Contracts & Written Statements of Employment
Stillwells Solicitors LLP offered the Wessex LMCs and its constituents some generic employment law advice to be made available on this website.
Contracts & Written Statements
Ideally employers should agree a contract of employment with every employee. It is good practice to do so as this provides the basis on which the relationship between the two parties is governed. It can set out the employer’s expectations and rules in advance to guide the employee through their time of employment in a way that can avoid or minimise disciplinary and/or grievance situations arising and, as a result of this, help to safeguard the employer against successful claims to the Employment Tribunal.
It can also prevent the employer from paying out amounts that the employee should not be entitled to. For example if an employee leaves part way through the year and has already taken holiday, unless there is written provision for the employer to recoup the payment from the employee, it is not possible to withhold overpaid holiday pay. Similarly an employer may wish to protect its business by setting out appropriate restrictive covenants, to prevent an employee taking a large proportion of the business with them when they move to a new employer.
However it is often the case that the pressures of business or administrative errors result in a contract not being issued. Even if the employer is not able to follow good practice by issuing a full contract it is legally obliged to issue a written statement of the terms of employment within eight weeks of employment commencing.
There are certain items which must be supplied in the written statement:
- Names of the employer and employee.
- Date when the employment began.
- Date when the employee's period of continuous employment began.
- Job title or a brief description.
- Remuneration details, including pay scale or rate information, timing of payment and the method of payment.
- Terms and conditions relating to hours of work and the normal working hours.
- Terms and conditions relating to holiday entitlement including bank holidays.
- The employee's place of work or, where the employee is required or permitted to work at various places, an indication of this requirement plus details of the employer's address.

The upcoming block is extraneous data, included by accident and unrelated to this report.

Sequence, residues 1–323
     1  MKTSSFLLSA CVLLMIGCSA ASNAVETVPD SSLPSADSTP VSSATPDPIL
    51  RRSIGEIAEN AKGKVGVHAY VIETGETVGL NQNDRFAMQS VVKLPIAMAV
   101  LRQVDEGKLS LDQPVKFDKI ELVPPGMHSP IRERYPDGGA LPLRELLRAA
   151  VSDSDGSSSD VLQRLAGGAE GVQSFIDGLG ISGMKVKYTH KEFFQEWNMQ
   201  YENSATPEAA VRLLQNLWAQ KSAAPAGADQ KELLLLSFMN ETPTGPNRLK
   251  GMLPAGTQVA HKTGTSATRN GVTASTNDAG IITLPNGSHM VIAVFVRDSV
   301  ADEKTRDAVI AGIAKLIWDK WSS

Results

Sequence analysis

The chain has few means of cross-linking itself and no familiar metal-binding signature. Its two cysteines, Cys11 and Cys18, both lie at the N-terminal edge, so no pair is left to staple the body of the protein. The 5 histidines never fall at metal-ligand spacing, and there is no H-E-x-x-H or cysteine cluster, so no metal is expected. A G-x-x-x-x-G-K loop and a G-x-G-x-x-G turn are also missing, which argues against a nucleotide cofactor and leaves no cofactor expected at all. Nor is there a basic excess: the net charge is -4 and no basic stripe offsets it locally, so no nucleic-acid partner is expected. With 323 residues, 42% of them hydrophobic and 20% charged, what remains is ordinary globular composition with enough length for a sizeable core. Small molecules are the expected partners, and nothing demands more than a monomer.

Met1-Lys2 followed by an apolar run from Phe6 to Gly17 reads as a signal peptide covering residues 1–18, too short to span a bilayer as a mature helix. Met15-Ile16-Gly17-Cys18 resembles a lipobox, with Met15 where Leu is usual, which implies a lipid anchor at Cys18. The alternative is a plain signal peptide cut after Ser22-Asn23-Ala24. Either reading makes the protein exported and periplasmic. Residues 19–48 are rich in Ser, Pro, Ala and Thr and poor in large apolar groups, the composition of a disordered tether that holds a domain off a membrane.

The following should also be supplied within two months of commencement, either in the written statement or in an accompanying document:
- Terms and conditions relating to incapacity for work due to sickness or injury, and details of sick pay provisions (including statutory and any company sickness scheme).
- Details of pensions and pension schemes.
- Details of period of notice to be given by the employer and the employee.
- The period for which any non-permanent employment is expected to continue or, if it is for a fixed term, the date when it is to end.
- Details of any collective agreements which directly affect the terms and conditions of employment, irrespective of whether the employee is party to these agreements.
Additional items are required if the employee is to work outside the UK for more than one month:
- Details of any procedure relating to dismissal, or the procedure applicable to the taking of disciplinary decisions.
- Specific details of the person to apply to if seeking redress for any grievance and the manner in which such an application should be made.
These are bare minimum requirements primarily to protect the employee.
Employers should also ensure that all contracts of employment include their disciplinary rules and procedure. These can be included specifically in the contract of employment or by reference to an external document. Ensure all employees are made aware of the procedure.
What happens if we do not provide a written statement of employment particulars?
If the employee requests the written statement and it is not provided, this may lead to an application to an employment tribunal who may:
- determine what the particulars should have been from the surrounding facts, and
- award compensation which will be at a level of either two or four weeks pay up to the current statutory minimum. However this particular type of compensation is a dependent right and can only be claimed if another claim, for example, unfair dismissal is also being pursued in the tribunal.
ACAS codes of practice
The Advisory Conciliation and Arbitration Service (‘ACAS’) provides guidance on employment issues. It publishes Codes of Practice which, although not legally binding, if not followed may be used by an aggrieved employee before an Employment Tribunal to demonstrate that an employer has not, for example, carried out a grievance process fairly.
Of necessity this guidance can only be of a general nature and your own circumstances will almost certainly affect the right approach. Do not use this guidance without proper legal advice.
Please refer to us as to what you need to do because of your specific situation.
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